Again I wasn't sure whether this would
come under the minimum wage rules, ...

Minimum wage doesn't apply to officers of Ltd Co, does it?
["Officers" include Company Secretary as well as Directors.]
As I understand it minimum wage legislation applies to all who qualify
for a contract of employment. Including directors.
No! Your statement 'who qualify for' is wrong. It is only directors
who HAVE a service contract (not merely qualify for one). Most
director's of 'one man' companies and small family companies do not
have a service contract and are not covered by NMW legislation. The
Inland Revenue confirmed this some while back and that is why many
directors of this type are paid just below the NI threshold with the
balance as dividends.
I don't understand the above.

You are saying that only directors who have a service contract have
rights under NMW. I was under the impression that the reverse was the
case... a service contract cannot be presumed to be a contract of
employment, hence the ability of directors to implement a NI saving
scheme and be dismissed by a majority of Board Members.

The reason I used the words "who qualify for" was that in many cases a
contract of employment is not issued. Usually through forgetfulness or
negligence. This does not, as we know, negate the rights which an
employment contract provides, it merely leaves an 'implied contract' in
place.
 
T

Tim

You are saying that only directors who have a service contract have
rights under NMW. I was under the impression that the reverse was
the case... a service contract cannot be presumed to be a contract
of employment, hence the ability of directors to implement a NI
saving scheme and be dismissed by a majority of Board Members.

The reason I used the words "who qualify for" was that in many
cases a contract of employment is not issued. ... This does
not, as we know, negate the rights which an employment
contract provides, it merely leaves an 'implied contract' in place.
http://www.westbury.co.uk/content/forums_bus_manage/min_wage.html
<QUOTE>
The NMW does not apply to office holders, unless
they also have contracts which make them workers.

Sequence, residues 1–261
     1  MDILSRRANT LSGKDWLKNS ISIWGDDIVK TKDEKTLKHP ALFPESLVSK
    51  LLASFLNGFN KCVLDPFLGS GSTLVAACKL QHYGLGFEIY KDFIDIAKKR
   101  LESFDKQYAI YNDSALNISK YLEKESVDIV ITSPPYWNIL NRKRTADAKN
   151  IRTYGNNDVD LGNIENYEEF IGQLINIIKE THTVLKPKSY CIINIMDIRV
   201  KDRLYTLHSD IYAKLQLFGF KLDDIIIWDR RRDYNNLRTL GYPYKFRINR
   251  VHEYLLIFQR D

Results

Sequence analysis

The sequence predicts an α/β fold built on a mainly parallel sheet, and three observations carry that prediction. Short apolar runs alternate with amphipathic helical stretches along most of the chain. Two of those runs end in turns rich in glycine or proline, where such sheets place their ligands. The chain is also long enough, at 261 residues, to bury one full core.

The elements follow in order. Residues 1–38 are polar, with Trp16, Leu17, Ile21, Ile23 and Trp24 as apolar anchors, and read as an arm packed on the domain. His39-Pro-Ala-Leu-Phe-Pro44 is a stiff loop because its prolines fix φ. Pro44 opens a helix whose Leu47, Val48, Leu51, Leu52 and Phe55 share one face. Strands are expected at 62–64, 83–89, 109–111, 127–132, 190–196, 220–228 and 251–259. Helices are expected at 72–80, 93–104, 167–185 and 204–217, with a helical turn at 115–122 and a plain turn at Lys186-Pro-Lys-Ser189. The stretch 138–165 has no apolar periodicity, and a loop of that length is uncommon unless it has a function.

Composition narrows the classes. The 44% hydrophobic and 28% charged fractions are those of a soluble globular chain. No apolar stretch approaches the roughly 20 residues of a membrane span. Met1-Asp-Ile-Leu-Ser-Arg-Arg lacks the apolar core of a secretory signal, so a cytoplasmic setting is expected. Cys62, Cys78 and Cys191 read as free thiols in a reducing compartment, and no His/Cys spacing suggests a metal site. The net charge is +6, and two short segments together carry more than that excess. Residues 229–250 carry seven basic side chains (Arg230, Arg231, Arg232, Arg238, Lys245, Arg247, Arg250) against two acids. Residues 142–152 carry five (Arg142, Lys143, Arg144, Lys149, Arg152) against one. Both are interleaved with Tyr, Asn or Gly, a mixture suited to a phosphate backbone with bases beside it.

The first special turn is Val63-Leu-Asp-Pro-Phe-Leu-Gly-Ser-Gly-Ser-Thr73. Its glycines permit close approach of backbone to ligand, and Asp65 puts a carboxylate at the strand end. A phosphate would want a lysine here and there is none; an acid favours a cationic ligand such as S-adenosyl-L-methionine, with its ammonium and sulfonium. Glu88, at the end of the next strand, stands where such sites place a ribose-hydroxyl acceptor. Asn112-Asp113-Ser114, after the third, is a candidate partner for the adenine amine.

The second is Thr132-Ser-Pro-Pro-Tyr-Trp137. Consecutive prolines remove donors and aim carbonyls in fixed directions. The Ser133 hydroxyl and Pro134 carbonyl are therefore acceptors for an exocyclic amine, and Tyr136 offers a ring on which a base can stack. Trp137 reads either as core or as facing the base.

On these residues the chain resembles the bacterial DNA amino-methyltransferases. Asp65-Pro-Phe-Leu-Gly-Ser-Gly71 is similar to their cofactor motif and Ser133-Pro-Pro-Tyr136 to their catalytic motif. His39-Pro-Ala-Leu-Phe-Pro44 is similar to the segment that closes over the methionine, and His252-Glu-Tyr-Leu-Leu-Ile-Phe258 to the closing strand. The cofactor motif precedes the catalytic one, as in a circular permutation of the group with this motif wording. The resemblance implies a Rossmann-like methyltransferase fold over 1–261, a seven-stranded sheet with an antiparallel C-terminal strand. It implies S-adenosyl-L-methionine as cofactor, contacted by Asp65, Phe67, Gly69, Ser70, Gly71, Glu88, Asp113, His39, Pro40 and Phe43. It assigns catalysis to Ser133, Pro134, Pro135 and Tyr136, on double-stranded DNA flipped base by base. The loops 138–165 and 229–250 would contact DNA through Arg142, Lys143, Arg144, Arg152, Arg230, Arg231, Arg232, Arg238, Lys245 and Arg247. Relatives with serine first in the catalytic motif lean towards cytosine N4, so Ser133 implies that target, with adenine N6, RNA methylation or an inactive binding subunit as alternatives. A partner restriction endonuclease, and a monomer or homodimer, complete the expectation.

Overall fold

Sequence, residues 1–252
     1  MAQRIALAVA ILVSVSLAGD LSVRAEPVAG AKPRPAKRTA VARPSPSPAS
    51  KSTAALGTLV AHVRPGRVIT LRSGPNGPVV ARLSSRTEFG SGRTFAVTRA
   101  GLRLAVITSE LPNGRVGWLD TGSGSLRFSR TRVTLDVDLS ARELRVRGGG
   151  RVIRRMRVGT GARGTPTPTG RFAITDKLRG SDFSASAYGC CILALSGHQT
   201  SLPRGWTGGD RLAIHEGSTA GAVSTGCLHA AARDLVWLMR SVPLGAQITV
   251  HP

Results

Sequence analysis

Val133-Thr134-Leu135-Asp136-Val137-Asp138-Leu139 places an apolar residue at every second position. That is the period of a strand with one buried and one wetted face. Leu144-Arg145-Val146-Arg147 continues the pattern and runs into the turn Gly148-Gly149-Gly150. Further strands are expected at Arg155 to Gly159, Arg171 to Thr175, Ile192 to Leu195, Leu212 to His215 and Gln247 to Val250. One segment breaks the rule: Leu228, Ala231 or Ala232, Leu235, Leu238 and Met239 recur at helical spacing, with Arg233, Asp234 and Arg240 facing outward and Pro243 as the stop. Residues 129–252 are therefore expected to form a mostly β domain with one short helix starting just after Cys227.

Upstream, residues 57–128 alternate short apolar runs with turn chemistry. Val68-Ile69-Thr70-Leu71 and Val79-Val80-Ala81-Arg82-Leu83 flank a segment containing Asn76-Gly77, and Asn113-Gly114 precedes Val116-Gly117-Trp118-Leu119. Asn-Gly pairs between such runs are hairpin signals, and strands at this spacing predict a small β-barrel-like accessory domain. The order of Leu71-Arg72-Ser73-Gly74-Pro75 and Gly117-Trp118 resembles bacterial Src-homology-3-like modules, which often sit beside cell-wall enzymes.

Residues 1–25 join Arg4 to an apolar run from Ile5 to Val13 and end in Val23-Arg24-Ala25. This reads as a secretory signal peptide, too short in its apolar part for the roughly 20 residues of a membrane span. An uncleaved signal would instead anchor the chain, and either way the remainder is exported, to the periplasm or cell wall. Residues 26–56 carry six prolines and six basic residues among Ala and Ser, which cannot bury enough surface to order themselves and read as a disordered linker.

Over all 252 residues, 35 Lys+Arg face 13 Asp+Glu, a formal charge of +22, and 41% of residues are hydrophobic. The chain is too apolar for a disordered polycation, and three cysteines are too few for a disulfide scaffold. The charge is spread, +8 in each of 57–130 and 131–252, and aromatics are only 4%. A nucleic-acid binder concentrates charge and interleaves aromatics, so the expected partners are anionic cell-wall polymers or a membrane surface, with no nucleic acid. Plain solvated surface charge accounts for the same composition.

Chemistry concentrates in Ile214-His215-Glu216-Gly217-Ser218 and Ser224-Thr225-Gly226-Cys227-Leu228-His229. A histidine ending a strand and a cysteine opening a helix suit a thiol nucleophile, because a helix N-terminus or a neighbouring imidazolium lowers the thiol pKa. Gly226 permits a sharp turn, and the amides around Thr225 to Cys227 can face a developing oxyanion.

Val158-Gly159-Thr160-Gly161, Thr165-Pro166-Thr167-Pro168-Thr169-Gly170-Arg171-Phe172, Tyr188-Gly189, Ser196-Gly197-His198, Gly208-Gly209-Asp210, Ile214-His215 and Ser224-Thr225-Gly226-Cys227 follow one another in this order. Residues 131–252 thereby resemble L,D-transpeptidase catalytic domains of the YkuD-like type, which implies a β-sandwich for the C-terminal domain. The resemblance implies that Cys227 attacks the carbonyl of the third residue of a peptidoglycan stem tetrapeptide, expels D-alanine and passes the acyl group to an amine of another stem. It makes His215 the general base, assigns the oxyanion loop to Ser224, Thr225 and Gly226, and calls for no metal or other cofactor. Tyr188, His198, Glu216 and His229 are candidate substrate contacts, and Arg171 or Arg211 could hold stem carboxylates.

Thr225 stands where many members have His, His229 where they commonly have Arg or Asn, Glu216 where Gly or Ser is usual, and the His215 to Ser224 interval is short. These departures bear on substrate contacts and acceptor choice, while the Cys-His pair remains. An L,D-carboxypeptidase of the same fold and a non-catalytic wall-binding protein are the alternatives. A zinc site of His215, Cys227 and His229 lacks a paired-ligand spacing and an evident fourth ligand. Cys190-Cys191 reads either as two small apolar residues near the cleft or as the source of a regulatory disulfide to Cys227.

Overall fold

It is unlikely that a company director will have an implied
contract which makes him a worker. The rights and duties of
an office are defined by that office, and it exists independently
of the person who fills it. Directors can be removed from their
office by a simple majority of the votes cast at a general meeting
of the company. This contrasts with the rights and duties of
an employee which are defined in a contract of employment.
</QUOTE>

Comments?
 
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K

Keith

Tim said:
http://www.westbury.co.uk/content/forums_bus_manage/min_wage.html
<QUOTE>
The NMW does not apply to office holders, unless
they also have contracts which make them workers.

It is unlikely that a company director will have an implied
contract which makes him a worker. The rights and duties of
an office are defined by that office, and it exists independently
of the person who fills it. Directors can be removed from their
office by a simple majority of the votes cast at a general meeting
of the company. This contrasts with the rights and duties of
an employee which are defined in a contract of employment.
</QUOTE>

Comments?
Yes, by way of requesting a response to the above.

Yes, by way of a question - do you agree that a 'service contract' is
fundamentally different from an 'employment contract' ?

Do you also agree that your previous assertion (which I note you have
snipped from your response) was, on reflection, wrong.? You did say
that directors with service contracts had NMW rights, yes?

Tim, I am happy to re-post the bit you've snipped.. I really do want to
get to the basis of this, as it will serve me well and may well serve
others.

And (this is a general comment) you may be better served - both in your
career and in your professional usenet persona - by doing your own
research... try GCSFB. Or Kronus. Both may give you a better
interpretation of that which you seek to publicly espouse, rather than
taking the simplistic view adopted by your single chosen reference.

Jeez... at this rate ukba will be applauding that heretic Einstein..